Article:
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Ditto. A multi-bin system works best if, when bin 1 gets full, you turn that over into bin 2. New stuff ONLY goes into bin 1. The turning will help the first batch get homogenized and finished. When you use that (or when bin 1 gets full again and you're forced to do something1) then bin 1 gets turned into the now empty bin 2, and the process repeats.

Putting fresh stuff into both bins does not make the best use of multiple bins.
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Dillbert
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I am the world's leading laziest composter.

I have _one_ bin.

I dump everything in it - except weed seed and tomato greenery. kitchen scraps (no meat, fats, dairy)

I don't turn it; I don't water it; I don't shade it; I don't talk to it.

at the end of the season I till whatever is left into the soil.
some things of "whatever is left" - like broccoli stems / orange peels - I recognize. but I figger dug in they decomp faster - so "What me worry?" - toss it in the heap, dig in under......

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cedillamuerta
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Right now I only have one continuously added-to compost heap, but in the future when I have some land I plan on having at least two. I'll have one large heap that just about everything will go on for cold composting and simple waste removal. Then I'll have one or more piles with measured out ingredients for hot composting and quick retrieval.
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PunkRotten
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I only have one bin and never have waited until it was 100% composted. I usually use stuff that is mostly composted. Works fine for me though.

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Jardin du Fort
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It looks to me that the question is not so much when to stop adding to the pile, but more when to start taking out of the pile.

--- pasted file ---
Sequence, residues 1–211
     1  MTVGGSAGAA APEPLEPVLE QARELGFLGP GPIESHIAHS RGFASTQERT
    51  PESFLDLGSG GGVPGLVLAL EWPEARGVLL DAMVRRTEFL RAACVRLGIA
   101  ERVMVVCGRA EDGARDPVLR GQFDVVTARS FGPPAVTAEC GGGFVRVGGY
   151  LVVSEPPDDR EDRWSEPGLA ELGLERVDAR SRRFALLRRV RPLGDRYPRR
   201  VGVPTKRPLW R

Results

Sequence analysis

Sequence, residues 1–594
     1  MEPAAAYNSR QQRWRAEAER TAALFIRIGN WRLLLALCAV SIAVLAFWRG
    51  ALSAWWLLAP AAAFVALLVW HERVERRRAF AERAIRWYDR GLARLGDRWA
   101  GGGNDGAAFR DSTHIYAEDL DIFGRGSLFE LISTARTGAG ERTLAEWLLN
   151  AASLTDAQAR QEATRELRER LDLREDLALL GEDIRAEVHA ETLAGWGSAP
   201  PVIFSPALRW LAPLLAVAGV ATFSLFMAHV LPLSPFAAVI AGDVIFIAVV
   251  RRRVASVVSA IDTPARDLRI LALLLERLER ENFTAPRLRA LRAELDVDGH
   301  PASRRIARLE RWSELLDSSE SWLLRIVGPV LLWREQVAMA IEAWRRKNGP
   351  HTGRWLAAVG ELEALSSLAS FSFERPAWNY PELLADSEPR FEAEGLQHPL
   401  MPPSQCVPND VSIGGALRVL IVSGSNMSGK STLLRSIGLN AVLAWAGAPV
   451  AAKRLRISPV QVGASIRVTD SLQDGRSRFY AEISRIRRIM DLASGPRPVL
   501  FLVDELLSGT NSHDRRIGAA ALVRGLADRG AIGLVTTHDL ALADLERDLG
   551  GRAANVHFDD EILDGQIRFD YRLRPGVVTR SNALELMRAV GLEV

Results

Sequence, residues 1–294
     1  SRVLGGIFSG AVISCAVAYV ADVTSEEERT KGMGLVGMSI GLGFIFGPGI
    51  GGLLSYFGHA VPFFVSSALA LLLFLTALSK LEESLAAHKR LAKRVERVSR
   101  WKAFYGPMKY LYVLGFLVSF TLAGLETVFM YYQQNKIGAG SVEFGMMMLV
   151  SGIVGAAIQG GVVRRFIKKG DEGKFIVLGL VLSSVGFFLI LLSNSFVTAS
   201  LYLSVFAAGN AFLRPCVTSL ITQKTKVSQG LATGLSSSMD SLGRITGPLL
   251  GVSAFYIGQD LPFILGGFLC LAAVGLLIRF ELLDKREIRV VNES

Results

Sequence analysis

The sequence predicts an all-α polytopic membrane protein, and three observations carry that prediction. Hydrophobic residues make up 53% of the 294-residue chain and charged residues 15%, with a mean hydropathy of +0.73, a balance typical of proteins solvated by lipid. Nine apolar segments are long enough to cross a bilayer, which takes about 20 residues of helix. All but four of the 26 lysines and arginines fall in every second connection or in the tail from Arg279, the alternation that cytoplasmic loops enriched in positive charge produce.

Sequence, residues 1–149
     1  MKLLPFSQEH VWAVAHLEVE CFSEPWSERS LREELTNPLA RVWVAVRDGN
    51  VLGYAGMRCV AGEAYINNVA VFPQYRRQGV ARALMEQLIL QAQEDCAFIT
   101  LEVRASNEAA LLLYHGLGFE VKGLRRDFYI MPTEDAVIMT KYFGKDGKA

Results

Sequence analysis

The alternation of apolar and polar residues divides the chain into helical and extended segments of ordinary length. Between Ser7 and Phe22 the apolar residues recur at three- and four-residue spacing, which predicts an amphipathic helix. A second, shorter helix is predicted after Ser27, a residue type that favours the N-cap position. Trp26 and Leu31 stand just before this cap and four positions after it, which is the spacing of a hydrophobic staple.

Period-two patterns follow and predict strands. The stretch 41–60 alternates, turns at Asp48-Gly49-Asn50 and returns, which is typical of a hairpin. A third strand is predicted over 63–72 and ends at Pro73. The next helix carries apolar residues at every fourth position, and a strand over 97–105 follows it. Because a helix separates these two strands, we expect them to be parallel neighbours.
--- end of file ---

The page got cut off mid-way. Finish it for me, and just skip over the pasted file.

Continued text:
:roll:

rot
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I guess it all depends on what you want to do

I guess it all depends on what you want to do
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If you’re trying to make compost to use in the garden, the short answer is you stop feeding the bin sometime before it’s done, let it finish and then, harvest. If you’re in no particular hurry and just adding things as you go along, you just might stop feeding that particular bin when you first top it off and then start a new one while the first one finishes.
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If you’re trying to make the most compost you can as fast as you can, then you’re assembling your pile or bin all at once and maybe top it off one more time after that. Then you’re monitoring the temperature and just after the temperature peaks you turn everything in the bin and mix it up and watch the temperature rise until the next peak. Repeat the process. Somewhere along the way you’ll notice it’s about as finished as you need it to be, maybe somewhere when it’s about two thirds to half the maximum volume.
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There’s one more approach that’s less popular. If your aim is to simply digest stuff so it doesn’t end up in the trash and gawd knows where after that then a good 4 x 4 foot print set at a suitable height and just keep feeding it at about the rate the volume reduces and you could go a long time before ever needing to have to harvest.
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I had several bins going where I was getting rid of some stuff that I just didn’t want to turn so I’d feed a 3 x 3 x 3 foot pallet bin in a careful fashion once a month always covering it up carefully and watering it once a day. It’s dry country ‘round here so I’d water a little bit each day to conserve the water. When I started, I’d feed it for about 6 months topping it off several times and then let it reduce for 12 to 18 months. I remember the first one when I opened it up. Because of pattern set by the pallets, it looked like a chocolate layer cake. It really did.

Somewhere along the line, I got a mushroom culture built in and the reduction rate kicked in until finally on my 6th one I was feeding if for 18 months before I stopped. I’m sure I could have kept going for years as long as I didn’t push it. I did watch one of those bins reduce down to nothing after over a year or so never harvesting that one in the far back awkward corner.